Q&A with Mary Throne, Wyoming Democratic Governor Candidate
1. Wyoming had a spending deficit of 1.15 billion dollars during the last budget session. Would increasing property taxes be one way you would ensure that government is funded?
Historically, 70 percent of state revenue has come from oil, coal, and natural gas. This has produced wide swings in our state revenues, resulting in sharp cuts any time those commodities face challenges. In 2014-15, all three commodities were in crisis. In particular, the price of oil plummeted. While it has recovered, and coal has stabilized, natural gas prices remain low. I would also add that the deficit, looking at all sources of revenue, is around $300 million.
The unstable revenues harm all of our state efforts to properly fund rural schools in our ag communities, and our ability to maintain roads and infrastructure. To end the boom/bust cycle of Wyoming we need to invest in our communities and broaden our tax base. I support a Tax Reform 2020 proposal introduce in the legislature to look into what options we have to develop a fair, equitable and competitive tax structure. I think it would be fair to consider changing property tax assessment ratios for industrial and commercial properties and perhaps, residential, but the details matter. Agricultural property is a separate category.
2. Do you feel environmental groups like the Sierra Club have helped or hurt the ag industry? How will you work with them to ensure Wyoming agriculture is promoted not crippled by their actions?
I feel that in many cases the actions of the Sierra Club and other groups have harmed Wyoming’s economy. As an attorney, I litigated against the Sierra Club to protect Wyoming energy jobs, twice taking on their Beyond Coal campaign and winning. Many of their actions seem designed primarily to disrupt development rather than to call to question the extensive impact studies that have taken place.
As governor, I’d work with any group that wants to make a good faith effort to help Wyoming’s ag industry. As the daughter of ranchers, I know that our agricultural producers across the state know the true meaning of conservation and will work with the Ag community to communicate this message to the environmental community.
3. What are some of the solutions you see to the challenges in Wyoming agriculture today?
Agriculture remains an important sector in Wyoming’s economy. We need to look for new opportunities for our agricultural products, including economic development efforts to create a Wyoming brand for beef. I will continue efforts to get a USDA certified plant in Wyoming. I see an entrepreneurial spirt in ag across the state, which needs to be nurtures. Improving technology, broadband and internet access to our rural communities will also help our ag communities take advantage of new opportunities. Repairing Wyoming’s broken healthcare system will also help support our ag communities.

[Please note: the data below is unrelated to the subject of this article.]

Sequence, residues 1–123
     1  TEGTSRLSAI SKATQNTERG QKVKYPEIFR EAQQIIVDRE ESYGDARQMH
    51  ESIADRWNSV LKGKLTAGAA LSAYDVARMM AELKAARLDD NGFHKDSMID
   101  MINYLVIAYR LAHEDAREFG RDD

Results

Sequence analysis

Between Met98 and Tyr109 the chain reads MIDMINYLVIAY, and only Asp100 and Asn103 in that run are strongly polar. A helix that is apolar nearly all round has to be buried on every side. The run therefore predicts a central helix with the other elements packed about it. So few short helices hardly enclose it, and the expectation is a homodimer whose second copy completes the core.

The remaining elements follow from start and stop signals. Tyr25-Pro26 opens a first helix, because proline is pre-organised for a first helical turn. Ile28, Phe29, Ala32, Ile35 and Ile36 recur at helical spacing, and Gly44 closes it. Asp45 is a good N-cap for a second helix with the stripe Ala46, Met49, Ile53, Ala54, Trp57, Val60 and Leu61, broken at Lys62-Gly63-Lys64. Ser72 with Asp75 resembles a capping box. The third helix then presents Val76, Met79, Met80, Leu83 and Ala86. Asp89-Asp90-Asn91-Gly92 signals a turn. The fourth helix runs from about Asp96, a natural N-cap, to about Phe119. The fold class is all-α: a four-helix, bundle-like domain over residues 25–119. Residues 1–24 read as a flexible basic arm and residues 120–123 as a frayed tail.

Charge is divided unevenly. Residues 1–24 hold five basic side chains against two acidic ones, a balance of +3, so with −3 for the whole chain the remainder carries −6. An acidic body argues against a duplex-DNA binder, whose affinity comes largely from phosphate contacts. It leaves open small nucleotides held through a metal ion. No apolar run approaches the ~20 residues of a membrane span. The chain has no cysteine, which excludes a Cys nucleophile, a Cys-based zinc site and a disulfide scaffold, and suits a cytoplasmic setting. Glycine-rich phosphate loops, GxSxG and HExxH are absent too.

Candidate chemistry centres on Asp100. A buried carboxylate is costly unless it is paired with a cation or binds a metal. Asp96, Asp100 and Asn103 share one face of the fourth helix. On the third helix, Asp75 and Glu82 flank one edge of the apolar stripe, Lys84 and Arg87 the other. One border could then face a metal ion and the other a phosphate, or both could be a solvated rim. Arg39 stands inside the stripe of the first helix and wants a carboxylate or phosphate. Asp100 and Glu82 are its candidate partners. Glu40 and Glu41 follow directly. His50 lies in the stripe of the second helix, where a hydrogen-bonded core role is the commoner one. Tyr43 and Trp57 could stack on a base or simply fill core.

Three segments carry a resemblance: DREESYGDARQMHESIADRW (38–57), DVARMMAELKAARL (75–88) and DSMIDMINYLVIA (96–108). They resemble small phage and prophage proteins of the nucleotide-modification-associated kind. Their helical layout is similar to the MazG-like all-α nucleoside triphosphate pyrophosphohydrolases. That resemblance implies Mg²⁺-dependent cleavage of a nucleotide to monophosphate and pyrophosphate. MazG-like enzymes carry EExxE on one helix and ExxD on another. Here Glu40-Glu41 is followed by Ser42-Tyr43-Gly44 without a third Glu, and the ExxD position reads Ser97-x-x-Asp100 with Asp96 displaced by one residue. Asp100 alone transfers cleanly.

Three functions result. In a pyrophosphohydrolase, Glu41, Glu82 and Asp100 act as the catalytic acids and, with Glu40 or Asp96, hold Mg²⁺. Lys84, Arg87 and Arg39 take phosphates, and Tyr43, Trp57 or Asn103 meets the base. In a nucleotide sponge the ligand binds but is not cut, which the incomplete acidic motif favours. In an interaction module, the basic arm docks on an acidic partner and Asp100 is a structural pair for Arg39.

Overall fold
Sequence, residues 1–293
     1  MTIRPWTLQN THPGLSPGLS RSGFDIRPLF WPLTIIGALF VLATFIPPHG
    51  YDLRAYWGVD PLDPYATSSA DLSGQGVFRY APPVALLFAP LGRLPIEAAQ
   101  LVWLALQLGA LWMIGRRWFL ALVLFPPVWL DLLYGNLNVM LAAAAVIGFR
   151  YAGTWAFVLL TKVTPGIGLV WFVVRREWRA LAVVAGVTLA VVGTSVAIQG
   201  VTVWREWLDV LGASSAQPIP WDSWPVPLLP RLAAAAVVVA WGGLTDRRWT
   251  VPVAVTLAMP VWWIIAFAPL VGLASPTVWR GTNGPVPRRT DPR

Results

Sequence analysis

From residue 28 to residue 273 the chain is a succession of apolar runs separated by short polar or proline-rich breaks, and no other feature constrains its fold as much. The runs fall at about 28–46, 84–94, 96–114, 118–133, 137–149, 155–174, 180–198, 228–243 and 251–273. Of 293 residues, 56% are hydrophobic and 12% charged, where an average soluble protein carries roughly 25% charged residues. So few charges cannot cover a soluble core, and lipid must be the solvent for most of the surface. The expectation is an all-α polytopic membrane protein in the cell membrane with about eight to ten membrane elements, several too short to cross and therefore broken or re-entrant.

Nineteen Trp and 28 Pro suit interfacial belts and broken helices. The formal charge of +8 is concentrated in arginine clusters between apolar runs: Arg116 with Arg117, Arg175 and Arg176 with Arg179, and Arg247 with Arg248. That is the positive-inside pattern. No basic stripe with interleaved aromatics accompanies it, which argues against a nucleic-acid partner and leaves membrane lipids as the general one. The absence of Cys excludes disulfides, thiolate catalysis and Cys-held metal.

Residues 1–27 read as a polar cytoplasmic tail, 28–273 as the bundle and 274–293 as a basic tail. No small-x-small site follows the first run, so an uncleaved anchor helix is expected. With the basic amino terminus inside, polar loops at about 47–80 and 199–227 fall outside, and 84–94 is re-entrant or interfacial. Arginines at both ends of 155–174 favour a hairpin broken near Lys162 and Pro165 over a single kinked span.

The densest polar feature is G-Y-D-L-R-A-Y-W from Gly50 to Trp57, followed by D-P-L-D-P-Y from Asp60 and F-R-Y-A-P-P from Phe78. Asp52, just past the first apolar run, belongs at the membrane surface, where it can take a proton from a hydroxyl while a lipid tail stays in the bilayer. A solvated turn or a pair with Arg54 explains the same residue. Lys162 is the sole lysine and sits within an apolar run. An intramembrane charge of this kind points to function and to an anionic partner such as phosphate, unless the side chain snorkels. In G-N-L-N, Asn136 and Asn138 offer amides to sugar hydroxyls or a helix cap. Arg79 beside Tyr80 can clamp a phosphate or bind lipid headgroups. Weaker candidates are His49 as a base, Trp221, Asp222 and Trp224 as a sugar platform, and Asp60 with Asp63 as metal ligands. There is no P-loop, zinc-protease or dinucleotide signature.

4. What is your position on a state Country of Origin Labeling law?
Ideally, we would be able to pass such a law. However, my understanding is that we cannot implement such a law in Wyoming. I would prefer to look for branding opportunities for Wyoming ag products and be proactive to create opportunities for Wyoming.
5. What are your thoughts on the recent return of the grizzly bear to the Endangered Species List? Will this help or hurt agriculture? How?
We should do our best to manage things on the state level so that species don’t dwindle to the point that they are added to the ESL, because at that point the state loses control. I oppose the re-listing of the grizzly not only because of its potential negative effects on agriculture, but because Wyoming is best-suited to manage the grizzly and has met its goals for repopulation. Wyoming has the wildlife expertise to best manage not only the grizzly, but other species as well.
6. Do you support any changes to the Wyoming brand law? Specifically, do you support county-to-county inspection?
I do not support changes to our brand law at this time. I support county-to-county inspection since they avoid ownership disputes or confusion. However, I understand there is a cost associated with the process, both in terms of cost and delay. I would hope that we could work to make the system efficient and cost-effective for all those who depend on it.
7. How important are private property rights? Do you believe energy companies should have the right to use eminent domain to gain access to private land for energy development? How should those landowners be compensated?
As a legislator, I have a long record of supporting private property rights. I continue to be an owner of my family’s ranch in Campbell County and long ago, learned the importance of private property rights. Eminent domain, however, is sometimes necessary to allow energy development to proceed, but when it occurs, it means the process has failed in some capacity. Landowners should be compensated at or above fair market value and the process needs to work well for all involved parties.